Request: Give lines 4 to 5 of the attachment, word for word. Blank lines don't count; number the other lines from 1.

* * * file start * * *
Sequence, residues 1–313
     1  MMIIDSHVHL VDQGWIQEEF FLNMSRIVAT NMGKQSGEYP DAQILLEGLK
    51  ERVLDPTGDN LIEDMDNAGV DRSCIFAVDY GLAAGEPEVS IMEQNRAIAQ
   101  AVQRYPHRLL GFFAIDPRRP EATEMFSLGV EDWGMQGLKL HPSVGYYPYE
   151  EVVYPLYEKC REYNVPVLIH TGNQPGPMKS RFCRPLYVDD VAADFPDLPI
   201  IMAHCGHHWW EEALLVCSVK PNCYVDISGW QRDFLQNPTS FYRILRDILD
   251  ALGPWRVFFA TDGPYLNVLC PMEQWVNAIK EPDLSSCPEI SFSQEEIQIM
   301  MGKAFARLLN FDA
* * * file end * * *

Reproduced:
   101  AVQRYPHRLL GFFAIDPRRP EATEMFSLGV EDWGMQGLKL HPSVGYYPYE
   151  EVVYPLYEKC REYNVPVLIH TGNQPGPMKS RFCRPLYVDD VAADFPDLPI